The Great enlargement banner
20 years ago, on 1 May 2004, a special event marked the history of Europe: the fifth enlargement. Ten new countries joined the EU: Cyprus, Czechia, Estonia, Hungary, Latvia, Lithuania, Malta, Poland, Slovakia and Slovenia. This event, known as the ‘Big Bang’, is the biggest enlargement in terms of people and number of countries, as well as new languages, with the number of official EU languages growing from 14 to 24.

This expansion was not merely about numbers; the ten countries brought with them a diversity of languages, enriching the linguistic landscape of the EU. One of the EU’s founding principles is multilingualism, meaning that any EU citizen can communicate in their own language. The EU’s official languages are set out in a regulation, which is amended after each accession to add the new official languages, and provides that all official languages enjoy equal status. This policy aims to protect Europe’s rich linguistic diversity and promote language learning in Europe. Therefore, the accession of these countries led to the automatic official recognition of their national languages, expanding the number of EU’s official languages from 14 to 24, resulting in a total of 552 possible language combinations for translation.

After this new enlargement, the Translation Centre, whose activities started in 1995, saw 9 years later how its activities were also influenced by these changes, and adapted accordingly as living proof of its commitment to multilingualism. In accordance with the principle of linguistic equality, the Centre faced the task of recruiting translators for the new language groups and assisting EU bodies in meeting their linguistic demands. Consequently, many language professionals from the new EU Member States joined the Translation Centre, significantly diversifying our workforce.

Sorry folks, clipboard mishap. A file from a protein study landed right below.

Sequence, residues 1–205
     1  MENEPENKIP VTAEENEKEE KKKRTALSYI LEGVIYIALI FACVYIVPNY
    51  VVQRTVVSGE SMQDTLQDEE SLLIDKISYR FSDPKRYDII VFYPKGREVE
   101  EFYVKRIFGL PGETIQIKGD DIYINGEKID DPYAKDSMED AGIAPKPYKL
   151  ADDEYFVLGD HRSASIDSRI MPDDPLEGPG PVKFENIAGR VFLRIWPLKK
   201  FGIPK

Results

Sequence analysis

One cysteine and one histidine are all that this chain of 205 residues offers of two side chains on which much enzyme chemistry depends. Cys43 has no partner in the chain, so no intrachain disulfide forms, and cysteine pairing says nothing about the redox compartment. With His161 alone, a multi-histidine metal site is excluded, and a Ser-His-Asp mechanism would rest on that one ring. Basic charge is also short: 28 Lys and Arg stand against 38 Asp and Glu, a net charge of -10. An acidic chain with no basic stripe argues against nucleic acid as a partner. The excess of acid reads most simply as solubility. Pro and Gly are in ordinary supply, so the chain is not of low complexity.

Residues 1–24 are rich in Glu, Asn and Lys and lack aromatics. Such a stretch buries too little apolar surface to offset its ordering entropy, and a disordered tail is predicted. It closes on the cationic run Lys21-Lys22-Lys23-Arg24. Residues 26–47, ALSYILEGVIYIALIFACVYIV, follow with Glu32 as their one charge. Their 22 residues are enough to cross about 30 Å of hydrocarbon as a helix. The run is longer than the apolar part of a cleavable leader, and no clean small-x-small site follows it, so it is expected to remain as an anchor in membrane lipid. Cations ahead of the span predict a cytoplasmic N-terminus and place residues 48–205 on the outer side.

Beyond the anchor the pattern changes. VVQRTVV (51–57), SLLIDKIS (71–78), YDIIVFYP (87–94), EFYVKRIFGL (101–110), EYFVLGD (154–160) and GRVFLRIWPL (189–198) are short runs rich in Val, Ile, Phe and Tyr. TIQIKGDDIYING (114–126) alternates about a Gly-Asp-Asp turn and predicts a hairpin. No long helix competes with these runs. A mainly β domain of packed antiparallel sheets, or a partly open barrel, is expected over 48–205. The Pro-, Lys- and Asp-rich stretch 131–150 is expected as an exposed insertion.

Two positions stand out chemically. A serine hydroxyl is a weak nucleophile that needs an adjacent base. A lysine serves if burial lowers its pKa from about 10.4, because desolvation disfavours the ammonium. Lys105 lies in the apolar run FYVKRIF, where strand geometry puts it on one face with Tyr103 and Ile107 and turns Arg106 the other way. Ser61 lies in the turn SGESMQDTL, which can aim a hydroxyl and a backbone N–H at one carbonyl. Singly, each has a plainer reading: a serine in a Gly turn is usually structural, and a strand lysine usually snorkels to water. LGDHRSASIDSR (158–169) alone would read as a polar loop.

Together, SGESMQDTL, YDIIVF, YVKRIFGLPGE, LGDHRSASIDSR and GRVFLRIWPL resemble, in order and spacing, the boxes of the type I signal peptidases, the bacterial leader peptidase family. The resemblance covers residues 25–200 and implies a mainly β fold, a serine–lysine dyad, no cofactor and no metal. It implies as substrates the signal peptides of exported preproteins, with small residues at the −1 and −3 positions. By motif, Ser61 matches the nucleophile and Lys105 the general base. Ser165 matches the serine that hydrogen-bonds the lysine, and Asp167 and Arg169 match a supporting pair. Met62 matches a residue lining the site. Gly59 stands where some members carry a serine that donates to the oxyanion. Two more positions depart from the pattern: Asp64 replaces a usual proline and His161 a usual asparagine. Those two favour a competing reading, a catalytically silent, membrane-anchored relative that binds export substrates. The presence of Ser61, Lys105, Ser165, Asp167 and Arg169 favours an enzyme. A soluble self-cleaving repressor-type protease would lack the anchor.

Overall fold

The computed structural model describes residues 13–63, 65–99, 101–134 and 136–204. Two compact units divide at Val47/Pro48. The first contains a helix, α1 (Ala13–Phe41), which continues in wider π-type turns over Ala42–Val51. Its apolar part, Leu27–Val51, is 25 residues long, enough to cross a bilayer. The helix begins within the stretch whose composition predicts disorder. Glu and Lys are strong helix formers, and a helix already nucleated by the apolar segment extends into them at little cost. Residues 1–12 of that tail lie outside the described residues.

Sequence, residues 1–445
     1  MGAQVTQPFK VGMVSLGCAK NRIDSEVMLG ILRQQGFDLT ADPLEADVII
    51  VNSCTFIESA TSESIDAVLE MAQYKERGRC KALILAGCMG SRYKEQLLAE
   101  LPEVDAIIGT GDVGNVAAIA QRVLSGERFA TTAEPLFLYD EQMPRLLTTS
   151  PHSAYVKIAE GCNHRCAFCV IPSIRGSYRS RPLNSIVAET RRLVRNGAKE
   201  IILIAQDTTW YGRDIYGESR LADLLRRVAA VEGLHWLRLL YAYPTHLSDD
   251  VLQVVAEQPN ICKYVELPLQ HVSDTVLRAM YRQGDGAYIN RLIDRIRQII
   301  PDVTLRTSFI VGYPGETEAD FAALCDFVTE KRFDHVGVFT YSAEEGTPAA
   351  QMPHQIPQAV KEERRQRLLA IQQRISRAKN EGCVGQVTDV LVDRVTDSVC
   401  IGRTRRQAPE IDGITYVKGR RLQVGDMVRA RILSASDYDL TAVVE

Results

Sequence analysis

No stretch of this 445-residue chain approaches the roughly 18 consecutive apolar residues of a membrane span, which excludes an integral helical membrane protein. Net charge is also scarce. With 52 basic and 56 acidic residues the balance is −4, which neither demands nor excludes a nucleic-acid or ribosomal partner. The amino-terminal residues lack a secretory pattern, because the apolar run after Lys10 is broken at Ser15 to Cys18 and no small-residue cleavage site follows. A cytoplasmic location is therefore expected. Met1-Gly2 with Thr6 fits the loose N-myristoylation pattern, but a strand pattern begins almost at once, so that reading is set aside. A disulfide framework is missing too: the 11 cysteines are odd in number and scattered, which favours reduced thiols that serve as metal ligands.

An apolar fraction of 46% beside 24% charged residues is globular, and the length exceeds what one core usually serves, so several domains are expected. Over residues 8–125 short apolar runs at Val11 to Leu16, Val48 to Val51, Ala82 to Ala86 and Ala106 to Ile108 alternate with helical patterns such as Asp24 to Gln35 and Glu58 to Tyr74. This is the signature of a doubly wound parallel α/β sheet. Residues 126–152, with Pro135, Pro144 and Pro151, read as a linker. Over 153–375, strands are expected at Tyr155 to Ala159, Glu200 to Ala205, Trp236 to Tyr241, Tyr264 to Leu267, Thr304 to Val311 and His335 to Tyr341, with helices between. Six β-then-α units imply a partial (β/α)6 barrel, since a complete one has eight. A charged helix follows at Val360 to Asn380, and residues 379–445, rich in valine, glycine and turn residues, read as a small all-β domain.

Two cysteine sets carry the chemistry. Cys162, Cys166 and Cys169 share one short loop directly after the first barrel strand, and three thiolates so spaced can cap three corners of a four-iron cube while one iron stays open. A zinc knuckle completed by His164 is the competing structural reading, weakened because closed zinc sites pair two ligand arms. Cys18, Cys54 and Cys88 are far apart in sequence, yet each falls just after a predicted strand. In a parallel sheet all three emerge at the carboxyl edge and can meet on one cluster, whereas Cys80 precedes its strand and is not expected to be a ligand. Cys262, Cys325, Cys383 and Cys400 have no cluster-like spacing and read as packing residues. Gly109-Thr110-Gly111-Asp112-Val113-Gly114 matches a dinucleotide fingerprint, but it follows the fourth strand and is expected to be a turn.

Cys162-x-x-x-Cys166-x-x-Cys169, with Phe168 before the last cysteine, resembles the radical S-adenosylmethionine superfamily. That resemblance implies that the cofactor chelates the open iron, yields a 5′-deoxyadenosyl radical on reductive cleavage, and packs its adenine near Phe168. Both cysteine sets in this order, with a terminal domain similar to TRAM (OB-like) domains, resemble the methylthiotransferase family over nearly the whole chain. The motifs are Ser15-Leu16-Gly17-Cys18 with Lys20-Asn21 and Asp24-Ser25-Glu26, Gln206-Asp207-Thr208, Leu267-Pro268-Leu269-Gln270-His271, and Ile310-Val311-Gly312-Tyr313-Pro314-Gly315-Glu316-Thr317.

Moreover, the accession to the EU of the ten new members led to their increased participation in EU initiatives and institutions, with several agencies now headquartered in these countries: the European Union Agency for the Cooperation of Energy Regulators (ACER) in Slovenia, the Body of European Regulators for Electronic Communications (BEREC) in Latvia, the European Union Agency for Asylum (EUAA) in Malta, the European Institute for Gender Equality (EIGE) in Lithuania, the European Institute of Innovation & Technology (EIT) in Hungary, the European Union Agency for the Operational Management of Large-Scale IT Systems in the Area of Freedom, Security and Justice (eu-LISA) in Estonia, the European Border and the Coast Guard Agency (Frontex) in Poland and the European Union Agency for the Space Programme (EUSPA) in Czechia – agencies that now have cooperation agreements with the Translation Centre for language services.

The Translation Centre’s Director at the time, Marie-Anne Fernández Suárez, said that the 2004 EU enlargement was one of the most important events in her career: ‘It brought not only the number of EU languages from 11 to 20, but also a lot of new experience and expertise, and with it very competent and nice colleagues,’ she recalled in an interview conducted in 2015.

As we commemorate the 20th anniversary of the ‘Big Bang’ enlargement, we celebrate the progress made in promoting multilingualism and cultural diversity in the European Union and our efforts in providing language services to the EU agencies, institutions and bodies to foster effective multilingual communication.